Beverly Hills police are playing Beatles songs to avoid being filmed on Instagram, activist claims

Accusation highlights the complicated role video plays in addressing police conduct

Josh Marcus
San Francisco
Friday 12 February 2021 19:54 GMT
Bodycam footage shows police officers being attacked at Capitol

An activist is accusing Beverly Hills police officers of playing copyrighted music like The Beatles’s “Yesterday” and Sublime’s “Santeria” to trigger Instagram’s copyright algorithm and prevent videotaped interactions from being posted on social media.

In videos from January and February, Los Angeles-based activist Sennett Devermont says officers began playing the songs when he confronted them on camera.

In one clip, he approaches Sergeant Billy Fair, and a nearby officer begins wordlessly playing “Yesterday” on his phone.

As officer Fair continues talking to a nearby woman, Mr Devermont keeps filming, until Fair chides him for recording.

“There’s too much pressure when you’re here,” he says.

“Turn your body camera on, champ,” Mr Devermont responds.

“I know but my body camera is not waiting for one of use to make a mistake verbally, he says. “I just never know if I’m going to be that bad clip.”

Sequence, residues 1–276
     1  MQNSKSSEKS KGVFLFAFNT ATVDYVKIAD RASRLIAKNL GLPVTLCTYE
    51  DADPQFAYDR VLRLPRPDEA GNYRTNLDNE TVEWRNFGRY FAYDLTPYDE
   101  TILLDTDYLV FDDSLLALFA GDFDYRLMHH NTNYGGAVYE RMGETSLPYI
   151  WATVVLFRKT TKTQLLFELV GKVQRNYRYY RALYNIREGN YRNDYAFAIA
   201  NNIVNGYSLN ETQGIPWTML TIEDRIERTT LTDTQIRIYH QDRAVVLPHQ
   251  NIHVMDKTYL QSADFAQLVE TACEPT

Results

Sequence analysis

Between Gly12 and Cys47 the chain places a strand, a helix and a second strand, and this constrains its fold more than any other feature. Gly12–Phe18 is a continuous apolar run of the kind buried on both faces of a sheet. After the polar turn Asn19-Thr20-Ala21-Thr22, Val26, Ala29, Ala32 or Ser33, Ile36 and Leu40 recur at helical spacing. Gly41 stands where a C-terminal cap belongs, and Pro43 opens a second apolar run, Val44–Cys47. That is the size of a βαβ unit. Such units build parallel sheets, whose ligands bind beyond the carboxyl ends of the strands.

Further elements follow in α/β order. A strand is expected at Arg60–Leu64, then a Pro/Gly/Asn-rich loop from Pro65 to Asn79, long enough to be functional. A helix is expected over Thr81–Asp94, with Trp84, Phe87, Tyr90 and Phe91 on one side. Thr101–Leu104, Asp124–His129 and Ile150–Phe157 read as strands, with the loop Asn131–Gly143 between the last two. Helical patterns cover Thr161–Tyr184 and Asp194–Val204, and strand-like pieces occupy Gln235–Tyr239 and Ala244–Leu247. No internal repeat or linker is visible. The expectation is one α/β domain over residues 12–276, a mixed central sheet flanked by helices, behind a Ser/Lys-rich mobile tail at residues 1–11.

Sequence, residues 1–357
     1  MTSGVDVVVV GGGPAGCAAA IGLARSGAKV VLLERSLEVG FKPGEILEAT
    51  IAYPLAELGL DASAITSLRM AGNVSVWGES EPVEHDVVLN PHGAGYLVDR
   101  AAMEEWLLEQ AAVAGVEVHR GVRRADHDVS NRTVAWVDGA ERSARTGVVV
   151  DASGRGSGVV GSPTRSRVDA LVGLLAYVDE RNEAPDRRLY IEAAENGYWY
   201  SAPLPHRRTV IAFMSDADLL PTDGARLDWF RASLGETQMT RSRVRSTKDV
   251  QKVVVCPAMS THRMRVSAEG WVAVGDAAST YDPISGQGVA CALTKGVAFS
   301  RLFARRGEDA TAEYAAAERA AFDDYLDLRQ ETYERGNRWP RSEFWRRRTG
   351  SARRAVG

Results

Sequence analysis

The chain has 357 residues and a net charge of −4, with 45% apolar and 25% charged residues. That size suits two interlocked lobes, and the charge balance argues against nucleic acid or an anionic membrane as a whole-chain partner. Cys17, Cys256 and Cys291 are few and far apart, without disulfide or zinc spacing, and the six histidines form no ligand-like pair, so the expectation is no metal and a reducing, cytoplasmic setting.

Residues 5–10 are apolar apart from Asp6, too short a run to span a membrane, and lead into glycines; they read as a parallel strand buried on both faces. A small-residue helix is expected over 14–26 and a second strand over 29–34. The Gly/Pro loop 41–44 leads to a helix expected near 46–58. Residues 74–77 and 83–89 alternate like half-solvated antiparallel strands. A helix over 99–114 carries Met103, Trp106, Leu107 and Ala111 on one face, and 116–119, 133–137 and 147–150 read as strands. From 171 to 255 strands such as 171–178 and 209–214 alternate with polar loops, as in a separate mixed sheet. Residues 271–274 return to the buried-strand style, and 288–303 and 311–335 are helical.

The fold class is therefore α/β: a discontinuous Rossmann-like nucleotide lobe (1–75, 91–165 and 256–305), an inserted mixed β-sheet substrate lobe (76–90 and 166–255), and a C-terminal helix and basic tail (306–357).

In another interaction, Mr Devermont says Sgt. Fair played the Sublime song when he came in to request police body camera footage from a traffic ticket he believed was unfair.

According to VICE, which first reported the news, multiple officers have used the tactic a total of at least three times.

Beverly Hills PD told VICE in a statement that “the playing of music while accepting a complaint or answering questions is not a procedure that has been recommended by Beverly Hills Police command staff,” and that the videos of Fair were “currently under review.”

Researches have warned that police could use social media companies’ copyright protection to take down videos from activists that happen to have music in the background.

And even if that’s not the case, video footage plays a complicated role in cases of alleged police misconduct. Following years of Black Lives Matter protests, police departments across the country adopted body cameras and hailed them as major reforms.

But problems around privacy, transparency, and a lack of broader reforms surrounding police conduct and accountability have prevented more video alone from stopping and punishing wrongful police killings of Black people.

In January, attorneys for Breonna Taylor’s family alleged Louisville is keeping body camera relating to her killing from them, after the city initially claimed there wasn’t any body camera footage because officers weren’t wearing cameras.

And officers continued to violently detain and ultimately kill Black men in cases even when they knew they were being filmed by citizens for minutes, such as the cases of Eric Garner and George Floyd.

What’s more, Ramsey Orta, the man who filmed Garner suffocating on the pavement, believes he was arrested and mistreated in prison in retaliation for filming the scene. (He was sentenced on drug and gun charges in New York in 2016.)

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